Then on July 1, 2013, surgery took place at UPMC.  After the first few days I questioned my ability to “make it through”.  However, with God’s help, I’m still here today and will soon celebrate 6 years of life after what could have been death early on.  No—it’s not been a piece of cake. With God’s help and total support of family and friends and a wonderful oncologist and supportive staff, so far the “struggle” has been worth it.  BUT I would be remiss if I didn’t say life is filled with “highs and lows”.  I find keeping life in perspective, living and coping with our “rearranged” life, not of our own making, and a strong personal faith in the Lord have sustained me through some dark days. 

Now Sandi, since you did not elaborate on your “about me” page, I don’t know how far along you are at this Stage of  life you are, but with peritoneal issues, this means that the cancer is in more than one place.  I, too, am not BRCA positive, although there were 20 major cancers on my mom’s side of the family that included breast cancer.  My own sister was diagnosed with breast cancer as well as were several of my cousins.  So I’m a bit perplexed as to why my test was negative.  Nevertheless, here we are. 

Presently, I am in my 6th and last series of Carboplatin/Paclitaxel (Taxol) treatments.  The last one before this only afforded me 10 weeks before my CA-125 began to escalate rapidly.  So what my oncologist suggested proved to be true.  (What would he know—ha ha?)  He felt that my body had built up a resistance to this combination and that I should switch to another drug.  He suggested DOXIL and I said “NO”.  So now completion of this present treatment is intended to try to reduce the tumor marker level down one more time and then be switched to an oral drug “OLAPARIB”.  Now I know that my body cannot sustain a constant chemo level indefinitely without debilitating effects, but as we say, “IT IS WHAT IT IS!”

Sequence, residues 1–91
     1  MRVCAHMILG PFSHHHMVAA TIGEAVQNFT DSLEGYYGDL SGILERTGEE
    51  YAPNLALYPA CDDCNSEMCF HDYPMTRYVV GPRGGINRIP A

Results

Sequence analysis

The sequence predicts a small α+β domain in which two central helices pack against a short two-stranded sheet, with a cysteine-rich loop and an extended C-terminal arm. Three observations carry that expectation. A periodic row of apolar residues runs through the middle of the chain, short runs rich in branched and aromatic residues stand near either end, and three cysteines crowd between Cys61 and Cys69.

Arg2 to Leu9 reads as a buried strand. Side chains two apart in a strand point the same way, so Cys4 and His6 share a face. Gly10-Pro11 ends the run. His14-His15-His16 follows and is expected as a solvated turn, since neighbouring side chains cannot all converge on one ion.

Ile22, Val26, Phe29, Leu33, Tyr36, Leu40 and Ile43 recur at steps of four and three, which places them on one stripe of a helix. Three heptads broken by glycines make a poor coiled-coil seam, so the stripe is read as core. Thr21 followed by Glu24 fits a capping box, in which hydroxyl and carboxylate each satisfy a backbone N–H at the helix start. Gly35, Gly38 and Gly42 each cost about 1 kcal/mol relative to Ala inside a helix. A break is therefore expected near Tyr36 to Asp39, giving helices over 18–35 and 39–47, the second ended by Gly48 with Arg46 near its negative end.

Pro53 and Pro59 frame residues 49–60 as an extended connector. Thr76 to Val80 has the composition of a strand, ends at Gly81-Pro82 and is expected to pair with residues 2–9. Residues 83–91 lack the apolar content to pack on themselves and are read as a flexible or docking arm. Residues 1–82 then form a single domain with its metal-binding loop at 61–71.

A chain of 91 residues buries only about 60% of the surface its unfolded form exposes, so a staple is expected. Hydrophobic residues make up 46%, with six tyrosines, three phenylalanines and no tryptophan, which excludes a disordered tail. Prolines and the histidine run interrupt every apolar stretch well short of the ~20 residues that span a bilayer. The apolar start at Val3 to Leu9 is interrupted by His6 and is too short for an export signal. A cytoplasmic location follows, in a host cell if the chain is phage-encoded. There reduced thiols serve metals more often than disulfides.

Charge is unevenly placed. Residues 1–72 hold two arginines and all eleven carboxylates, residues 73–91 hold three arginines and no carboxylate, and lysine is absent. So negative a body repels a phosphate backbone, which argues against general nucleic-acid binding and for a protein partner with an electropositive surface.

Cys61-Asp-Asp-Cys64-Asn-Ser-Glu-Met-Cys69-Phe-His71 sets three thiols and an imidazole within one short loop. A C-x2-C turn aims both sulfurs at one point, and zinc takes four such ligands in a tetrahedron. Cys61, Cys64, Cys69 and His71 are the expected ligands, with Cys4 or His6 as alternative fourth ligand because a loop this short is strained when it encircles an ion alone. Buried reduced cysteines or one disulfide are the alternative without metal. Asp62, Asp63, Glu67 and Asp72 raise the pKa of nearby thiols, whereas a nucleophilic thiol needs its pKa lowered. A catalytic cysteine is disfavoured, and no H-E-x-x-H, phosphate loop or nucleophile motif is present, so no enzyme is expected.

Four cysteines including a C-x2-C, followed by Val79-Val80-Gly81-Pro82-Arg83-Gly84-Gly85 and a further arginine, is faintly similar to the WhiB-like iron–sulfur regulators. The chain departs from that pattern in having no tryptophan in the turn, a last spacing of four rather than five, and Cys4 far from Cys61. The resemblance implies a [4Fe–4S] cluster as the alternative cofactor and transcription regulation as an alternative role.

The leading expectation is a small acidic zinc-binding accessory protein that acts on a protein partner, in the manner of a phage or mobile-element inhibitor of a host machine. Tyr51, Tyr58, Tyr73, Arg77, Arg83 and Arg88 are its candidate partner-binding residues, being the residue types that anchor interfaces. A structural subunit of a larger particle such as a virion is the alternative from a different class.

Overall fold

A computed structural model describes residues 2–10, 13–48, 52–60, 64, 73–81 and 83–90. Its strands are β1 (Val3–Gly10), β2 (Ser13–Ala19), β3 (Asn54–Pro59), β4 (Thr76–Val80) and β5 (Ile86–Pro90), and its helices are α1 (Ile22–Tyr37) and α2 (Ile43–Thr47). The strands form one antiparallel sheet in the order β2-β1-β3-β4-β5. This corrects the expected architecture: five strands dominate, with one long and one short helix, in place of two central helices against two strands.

Presently I have developed 3 blood clots in the last week although I was on the drug Coumadin.  My “Warfarin” level ideally is to be between 2 and 3.  However, in the last 3 weeks of testing, the numbers were 1.9—1.5—1.2.  So for some unknown reason, the drug wasn’t being processed by my body.  So I was given LOVINOX injections for 3 straight days plus greatly increasing my Coumadin dosage.  Monday the count was back up to 1.9.  I return tomorrow for another check to see what’s going on. 

One theory was that because of my ongoing problem with diarrhea as a result of my surgery in which a substantial amount of my intestines were removed, that the drug may not have remained in my system long enough to take effect.  I have lost a good amount of weight and diarrhea is a “monster.”  But I find that since my surgery, the see-saw between Constipation and Diarrhea has been my biggest constant problem.  On “D” days, it isn’t smart to wander far from home!  But hey, I’m still happily alive and in my right mind. 

So if you don’t hear from me quickly, it may mean that I am not doing well on that particular day.  No matter how I feel, I try to keep a check on this site, as well as the Peritoneal and Esophageal forums because I’m not the only one having difficulties.  Other’s experiences help us to better understand our own, and we try to help them with their problems.